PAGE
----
HC Deb 12 November 1975 vol 899 cc816-8W
Mr. Watt

asked the Secretary of State for Trade what has been the average survey fee on those boats already dealt with under the Fishing Vessels (Survey and Inspection) Regulations 1975.

Mr. Clinton Davis

For the 17 vessels which became subject to statutory survey on 1st October 1975 the fees payable are:

10 vessels at £410
3 vessels at £445
1 vessel at £510
1 vessel at £600
2 vessels at £1, 270
giving an average fee of £534.

Mr. McNamara

asked the Secretary of State for Trade whether he will publish seriatim in the Official Report the recommendations of the Holland Mark Committee on Trawler Safety indicating when the recommendations were implemented and by what means, and indicating what progress, if any, has been taken on implementing the outstanding recommendations.

Mr. Clinton Davis

The 83 main recommendations are summarised on pages 1–7 of the Holland-Martin Report (Cmnd. 4114). Forty-five required legislative or other action by Government; the remaining 38 were for implementation by industrial agreement. Although I understand that in the case of the latter most, if not all, have long since been implemented following industry discussions, I do not have details of specific agreements that

Heading Recommendation Numbers
(i) Accidents to men and casualties to vessels 1–3
(ii) Services for trawlers at sea 4–6
(iii) Radio communications, search and rescue 7–15
(iv) The design and construction of trawlers 16–25
(v) The Trawler's equipment 26–39
(vi) Research and development 40–45
(vii) Conditions of work and fatigue 46–54
(viii) Health and fitness, employment of young persons 55–58
(ix) Conditions of employment 59–61
(x) Training 62–71
(xi) Management and industrial relations 72–83

Progress on implementation by reference to these groups has been as follows:

  1. (i) Merchant shipping notices were issued in August 1969 and June 1972 concerning bridge manning and watchkeeping; and more generally, the Department is consulting the industry on the extent to which all such notices can be converted into statutory rules. The format of the Department's annual statistical return of casualties to vessels and accidents to men was changed in 1972. The development of Regulations under Section 19 of the Merchant Shipping Act 1970 regarding the reporting of accidents is still under consideration.
  2. (ii) The support ship "Miranda" continues to provide the meteorological, medical and technical assistance to trawlers in Icelandic waters which has been made available during the winter months over the past five years.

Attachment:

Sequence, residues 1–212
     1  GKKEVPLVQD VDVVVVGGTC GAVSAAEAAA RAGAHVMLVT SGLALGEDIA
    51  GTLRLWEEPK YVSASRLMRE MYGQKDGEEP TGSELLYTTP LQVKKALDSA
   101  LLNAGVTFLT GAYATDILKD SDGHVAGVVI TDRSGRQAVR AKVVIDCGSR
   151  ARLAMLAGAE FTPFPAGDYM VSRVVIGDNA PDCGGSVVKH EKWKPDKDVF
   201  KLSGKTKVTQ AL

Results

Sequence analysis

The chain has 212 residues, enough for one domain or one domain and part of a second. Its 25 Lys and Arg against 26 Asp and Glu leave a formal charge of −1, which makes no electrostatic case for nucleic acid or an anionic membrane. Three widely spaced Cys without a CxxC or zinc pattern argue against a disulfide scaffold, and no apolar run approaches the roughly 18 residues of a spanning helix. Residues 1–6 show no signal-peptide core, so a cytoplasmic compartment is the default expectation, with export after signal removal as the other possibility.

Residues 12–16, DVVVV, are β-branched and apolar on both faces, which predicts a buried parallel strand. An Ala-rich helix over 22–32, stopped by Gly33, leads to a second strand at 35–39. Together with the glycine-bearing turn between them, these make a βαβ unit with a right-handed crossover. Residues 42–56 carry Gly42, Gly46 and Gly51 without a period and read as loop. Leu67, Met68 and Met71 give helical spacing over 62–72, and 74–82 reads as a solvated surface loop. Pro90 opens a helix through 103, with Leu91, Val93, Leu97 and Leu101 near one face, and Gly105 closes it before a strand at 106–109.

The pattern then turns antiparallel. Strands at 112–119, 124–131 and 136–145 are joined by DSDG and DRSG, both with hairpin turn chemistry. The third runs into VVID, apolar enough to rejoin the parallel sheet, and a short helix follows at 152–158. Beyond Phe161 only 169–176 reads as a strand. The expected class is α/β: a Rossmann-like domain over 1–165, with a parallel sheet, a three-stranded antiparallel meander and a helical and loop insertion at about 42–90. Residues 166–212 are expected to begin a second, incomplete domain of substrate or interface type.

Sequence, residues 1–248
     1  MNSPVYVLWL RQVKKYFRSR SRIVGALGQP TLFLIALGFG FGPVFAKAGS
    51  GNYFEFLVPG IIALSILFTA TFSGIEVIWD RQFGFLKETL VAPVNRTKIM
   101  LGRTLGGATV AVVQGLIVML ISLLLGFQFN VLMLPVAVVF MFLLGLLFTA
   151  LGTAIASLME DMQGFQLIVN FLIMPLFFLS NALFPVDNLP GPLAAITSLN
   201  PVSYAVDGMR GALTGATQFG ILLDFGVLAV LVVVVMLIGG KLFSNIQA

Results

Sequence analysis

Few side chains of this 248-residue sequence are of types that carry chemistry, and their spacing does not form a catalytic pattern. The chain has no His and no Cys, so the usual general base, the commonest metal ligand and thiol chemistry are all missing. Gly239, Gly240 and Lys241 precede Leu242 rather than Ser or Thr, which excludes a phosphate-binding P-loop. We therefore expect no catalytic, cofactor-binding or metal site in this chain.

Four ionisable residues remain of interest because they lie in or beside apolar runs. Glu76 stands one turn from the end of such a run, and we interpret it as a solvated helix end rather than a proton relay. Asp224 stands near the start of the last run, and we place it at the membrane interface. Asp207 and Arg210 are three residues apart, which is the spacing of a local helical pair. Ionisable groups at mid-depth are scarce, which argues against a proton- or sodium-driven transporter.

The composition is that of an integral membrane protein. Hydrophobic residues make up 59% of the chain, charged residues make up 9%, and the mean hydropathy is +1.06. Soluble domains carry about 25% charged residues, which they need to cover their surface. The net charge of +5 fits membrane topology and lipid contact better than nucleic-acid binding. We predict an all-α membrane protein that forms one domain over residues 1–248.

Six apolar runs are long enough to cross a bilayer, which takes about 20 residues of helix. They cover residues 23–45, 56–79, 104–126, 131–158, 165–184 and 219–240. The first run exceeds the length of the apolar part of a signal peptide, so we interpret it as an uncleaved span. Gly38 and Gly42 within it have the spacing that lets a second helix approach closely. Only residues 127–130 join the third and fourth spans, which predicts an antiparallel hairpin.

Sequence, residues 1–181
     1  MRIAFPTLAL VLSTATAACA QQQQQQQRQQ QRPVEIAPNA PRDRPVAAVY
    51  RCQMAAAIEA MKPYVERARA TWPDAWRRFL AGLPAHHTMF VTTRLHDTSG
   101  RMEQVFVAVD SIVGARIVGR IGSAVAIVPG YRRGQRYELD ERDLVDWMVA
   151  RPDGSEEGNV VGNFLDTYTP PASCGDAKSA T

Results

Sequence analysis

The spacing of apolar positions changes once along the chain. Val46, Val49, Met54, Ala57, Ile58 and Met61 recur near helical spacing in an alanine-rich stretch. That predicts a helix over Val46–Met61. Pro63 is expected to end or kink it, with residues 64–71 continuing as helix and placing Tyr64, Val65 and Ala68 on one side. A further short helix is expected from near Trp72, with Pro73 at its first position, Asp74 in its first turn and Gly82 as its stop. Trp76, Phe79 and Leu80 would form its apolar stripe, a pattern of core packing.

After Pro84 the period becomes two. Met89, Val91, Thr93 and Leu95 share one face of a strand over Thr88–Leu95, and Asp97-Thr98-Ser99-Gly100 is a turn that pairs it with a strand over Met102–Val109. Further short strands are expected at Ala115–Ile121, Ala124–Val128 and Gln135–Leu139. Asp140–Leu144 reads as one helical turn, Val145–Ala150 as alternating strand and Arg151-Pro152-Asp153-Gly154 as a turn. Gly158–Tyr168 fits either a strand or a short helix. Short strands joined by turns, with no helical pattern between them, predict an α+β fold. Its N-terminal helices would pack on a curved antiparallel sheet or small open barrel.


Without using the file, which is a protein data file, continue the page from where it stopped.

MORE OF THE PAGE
3. (iii) The Merchant Shipping (Radio) (Fishing Vessel) Rules 1974 came into operation on 1st January 1975. Satisfactory position reporting schemes are being operated on a voluntary basis by owners in all the main fishing ports covering distant water trawlers.
  4. (iv) The Fishing Vessels (Safety Provisions) Rules 1975, which apply to vessels of 40 feet registered length and above, were introduced earlier this year and began to come into operation on 1st May 1975.
  5. (v) Life rafts on trawlers operating in Arctic waters now carry sets of protective packs for use as survival clothing. Protective clothing is issued free of charge by owners. Research and development work continues into the production of suitable deck working garments incorporating a flotation device. Inflatable boats have taken the place of rigid lifeboats and these are now marked for identification purposes. Powers to lay down statutory requirements on the design, guarding and testing of working equipment on trawlers were taken in the Merchant Shipping Act 1970. The need for specific Regulations will be considered when the recommended Code of Safety of fishermen on trawlers, published in 1969, is reviewed next year.
  6. (vi) Research has been conducted through the Industrial Development Unit of the White Fish Authority and other bodies, and is continuing. On icing problems, a departmental

have been made in particular ports, but I am requesting the industry to provide a summary. The recommendaions are grouped by chapter headings of the Report, as follows:

commitee has advised that vessels continue to steer clear of such conditions. Model testing tanks are being used in connection with the evaluation of new designs for trawlers.

(vii) Work was carried out by the Medical Research Council on fatigue amongst deep sea trawler crews, but consultations with industry on minimum rest periods have not yet been concluded. Proposals on new certificate structure were put to the industry in April 1975 and replies are now being considered.

(viii) Occupational health services for trawlermen have been extended to all major ports and suitable arrangements have been made for medical examinations.

(ix) Management has acted on these recommendations. In particular, registration schemes have been set up in all major ports.

(x) The Department and industry have accepted these recommendations on training. Certificates of competence are covered by the proposals in (vii) above.

(xi) Recommendations 72 to 82 have been implemented by industrial agreements. The National Trawler Health and Safety Committee mentioned in Recommendation 83 has not been established, but the need will be further considered when existing port arrangements are reviewed, as part of the pending review of occupational safety referred to in (v) above.

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